Who Won?

The votes were cast and near-universal health care reform passed by the House. So, the Democrats won a clear victory, right? Not according to Republicans who are also triumphant.

"On Monday, with the House votes behind them and the protesters gone from the Capitol grounds, both sides in the bitter health reform debate proclaimed victory — with the confidence of actors who still have a final climactic act in which to sway the audience. Republicans predicted the new law would enact the demise of the Democratic-led Congress in November. President Barack Obama and fellow Democrats began the tough work of flipping the negative polls upside-down — a goal they say will be realized when the first few benefits of the new law kick in. And both sides laid out their strategies for the fall midterm campaign — the same strategies that brought them here, only more and louder. Republicans, right now, can feel they’re on the side of the voters, who polls show simply don’t like the overarching bill. A CNN poll Monday showed 59 percent of voters oppose the reform bill passed by the House late Sunday, compared with 39 percent who support it. Democrats, meanwhile, are forced to try to convince the public that the bill is as good as advertised, even though many of its most appealing features don’t kick in for years — some even after the 2012 campaign. The party hopes to make that case with a healthy dose of testimonials from Obama, who signs the bill Tuesday, then totes it on the road to Iowa on Thursday to sell it."

LinkedIn meets Tinder in this mindful networking app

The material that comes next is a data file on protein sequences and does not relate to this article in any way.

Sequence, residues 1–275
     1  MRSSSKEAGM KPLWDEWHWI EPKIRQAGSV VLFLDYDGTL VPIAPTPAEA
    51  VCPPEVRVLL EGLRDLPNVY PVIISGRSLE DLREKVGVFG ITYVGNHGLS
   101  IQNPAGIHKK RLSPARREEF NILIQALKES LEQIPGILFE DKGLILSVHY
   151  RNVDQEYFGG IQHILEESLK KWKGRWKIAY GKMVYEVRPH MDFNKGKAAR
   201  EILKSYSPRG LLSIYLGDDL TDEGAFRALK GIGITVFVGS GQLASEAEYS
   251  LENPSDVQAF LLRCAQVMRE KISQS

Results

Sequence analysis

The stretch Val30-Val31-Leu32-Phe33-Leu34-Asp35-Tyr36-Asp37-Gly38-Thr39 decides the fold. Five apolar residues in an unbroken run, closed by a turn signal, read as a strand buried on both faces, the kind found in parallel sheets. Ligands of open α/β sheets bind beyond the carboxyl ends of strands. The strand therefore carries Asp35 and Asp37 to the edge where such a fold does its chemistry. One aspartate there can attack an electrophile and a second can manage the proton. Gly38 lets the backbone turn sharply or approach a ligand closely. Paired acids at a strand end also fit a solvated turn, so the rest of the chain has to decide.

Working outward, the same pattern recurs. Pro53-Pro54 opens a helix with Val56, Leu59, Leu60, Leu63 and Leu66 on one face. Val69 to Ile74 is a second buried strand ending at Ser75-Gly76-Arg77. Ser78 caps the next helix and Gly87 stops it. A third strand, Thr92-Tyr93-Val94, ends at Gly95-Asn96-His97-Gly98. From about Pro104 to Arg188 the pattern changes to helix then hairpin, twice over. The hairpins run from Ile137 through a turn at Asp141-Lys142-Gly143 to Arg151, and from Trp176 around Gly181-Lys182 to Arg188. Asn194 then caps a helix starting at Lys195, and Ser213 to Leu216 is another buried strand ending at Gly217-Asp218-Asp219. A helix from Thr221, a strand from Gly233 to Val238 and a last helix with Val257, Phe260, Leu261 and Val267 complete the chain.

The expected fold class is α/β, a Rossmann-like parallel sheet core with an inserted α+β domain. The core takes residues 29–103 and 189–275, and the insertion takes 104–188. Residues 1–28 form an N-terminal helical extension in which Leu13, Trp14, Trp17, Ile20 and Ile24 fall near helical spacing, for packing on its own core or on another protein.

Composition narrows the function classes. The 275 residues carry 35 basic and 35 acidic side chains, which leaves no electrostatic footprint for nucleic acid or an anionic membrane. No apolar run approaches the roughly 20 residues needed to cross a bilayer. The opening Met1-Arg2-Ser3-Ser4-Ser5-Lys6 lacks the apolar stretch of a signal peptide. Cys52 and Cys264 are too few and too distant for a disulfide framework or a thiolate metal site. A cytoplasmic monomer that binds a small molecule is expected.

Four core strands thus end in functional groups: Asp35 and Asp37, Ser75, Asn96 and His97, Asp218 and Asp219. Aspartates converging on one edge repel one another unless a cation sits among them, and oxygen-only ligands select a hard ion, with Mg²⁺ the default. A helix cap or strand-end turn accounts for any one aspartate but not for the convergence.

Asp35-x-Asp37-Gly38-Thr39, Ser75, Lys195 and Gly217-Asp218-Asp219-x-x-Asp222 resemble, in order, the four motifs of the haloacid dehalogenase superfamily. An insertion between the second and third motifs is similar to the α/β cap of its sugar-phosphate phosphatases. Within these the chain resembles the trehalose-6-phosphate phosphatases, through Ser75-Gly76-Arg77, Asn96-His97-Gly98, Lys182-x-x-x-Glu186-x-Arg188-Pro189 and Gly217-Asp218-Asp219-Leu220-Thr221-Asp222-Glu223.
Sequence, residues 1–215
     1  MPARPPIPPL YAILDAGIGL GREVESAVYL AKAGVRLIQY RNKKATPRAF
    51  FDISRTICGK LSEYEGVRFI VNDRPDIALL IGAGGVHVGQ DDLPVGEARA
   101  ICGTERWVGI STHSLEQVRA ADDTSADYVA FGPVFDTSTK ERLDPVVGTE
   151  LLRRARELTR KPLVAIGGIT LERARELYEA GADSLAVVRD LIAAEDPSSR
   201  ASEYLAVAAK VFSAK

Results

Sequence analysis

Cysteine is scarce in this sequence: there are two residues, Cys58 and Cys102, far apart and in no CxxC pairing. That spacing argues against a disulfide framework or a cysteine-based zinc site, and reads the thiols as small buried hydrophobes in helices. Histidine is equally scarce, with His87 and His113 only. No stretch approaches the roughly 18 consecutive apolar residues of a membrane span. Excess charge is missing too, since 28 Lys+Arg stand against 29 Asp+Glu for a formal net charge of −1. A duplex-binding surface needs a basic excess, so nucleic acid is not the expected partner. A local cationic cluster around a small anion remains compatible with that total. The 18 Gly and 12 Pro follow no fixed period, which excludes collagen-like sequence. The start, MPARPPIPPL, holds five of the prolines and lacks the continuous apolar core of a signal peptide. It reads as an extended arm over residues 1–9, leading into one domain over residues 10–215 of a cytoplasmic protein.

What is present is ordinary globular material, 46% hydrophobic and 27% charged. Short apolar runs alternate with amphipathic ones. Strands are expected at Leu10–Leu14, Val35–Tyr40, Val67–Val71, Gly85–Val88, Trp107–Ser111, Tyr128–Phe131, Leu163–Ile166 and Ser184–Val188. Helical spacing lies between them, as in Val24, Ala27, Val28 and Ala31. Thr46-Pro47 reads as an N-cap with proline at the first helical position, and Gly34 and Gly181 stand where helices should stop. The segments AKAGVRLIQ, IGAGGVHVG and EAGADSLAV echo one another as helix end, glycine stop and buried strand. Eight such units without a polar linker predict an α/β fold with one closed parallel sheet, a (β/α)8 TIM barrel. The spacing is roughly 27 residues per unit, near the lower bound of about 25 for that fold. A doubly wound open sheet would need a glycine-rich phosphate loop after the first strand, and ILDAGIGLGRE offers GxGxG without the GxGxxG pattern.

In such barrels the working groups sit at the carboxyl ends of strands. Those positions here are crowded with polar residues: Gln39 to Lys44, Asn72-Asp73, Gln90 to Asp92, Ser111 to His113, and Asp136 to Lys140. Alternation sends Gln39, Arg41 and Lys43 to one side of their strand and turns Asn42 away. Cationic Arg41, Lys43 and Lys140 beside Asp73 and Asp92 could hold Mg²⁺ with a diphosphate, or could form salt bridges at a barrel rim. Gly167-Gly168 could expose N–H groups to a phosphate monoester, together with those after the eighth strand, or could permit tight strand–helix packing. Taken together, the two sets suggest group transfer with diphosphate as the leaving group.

Swipe right to make the connections that could change your career.

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Swipe right. Match. Meet over coffee or set up a call.

No, we aren't talking about Tinder. Introducing Shapr, a free app that helps people with synergistic professional goals and skill sets easily meet and collaborate.

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Brain study finds circuits that may help you keep your cool

Research by neuroscientists at MIT's Picower Institute for Learning and Memory helps explain how the brain regulates arousal.

Photo by CHARLY TRIBALLEAU / AFP/ Getty Images
Mind & Brain

MIT News

The big day has come: You are taking your road test to get your driver's license. As you start your mom's car with a stern-faced evaluator in the passenger seat, you know you'll need to be alert but not so excited that you make mistakes. Even if you are simultaneously sleep-deprived and full of nervous energy, you need your brain to moderate your level of arousal so that you do your best.

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34 years ago, a KGB defector chillingly predicted modern America

A disturbing interview given by a KGB defector in 1984 describes America of today and outlines four stages of mass brainwashing used by the KGB.

Politics & Current Affairs
  • Bezmenov described this process as "a great brainwashing" which has four basic stages.
  • The first stage is called "demoralization" which takes from 15 to 20 years to achieve.
  • According to the former KGB agent, that is the minimum number of years it takes to re-educate one generation of students that is normally exposed to the ideology of its country.
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How pharmaceutical companies game the patent system

When these companies compete, the people lose.

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  • When a company reaches the top of the ladder, they typically kick it away so that others cannot climb up on it. The aim? So that another company can't compete.
  • When this phenomenon happens in the pharmaceutical world, companies quickly apply for broad protection of their patents, which can last up to 20 years, and fence off research areas for others. The result of this? They stay at the top of the ladder, at the cost of everyday people benefitting from increased competition.
  • Since companies have worked out how to legally game the system, Amin argues we need to get rid of this "one size fits all" system, which treats product innovation the same as product invention. Companies should still receive an incentive for coming up with new products, he says, but not 20 years if the product is the result of "tweaking" an existing one.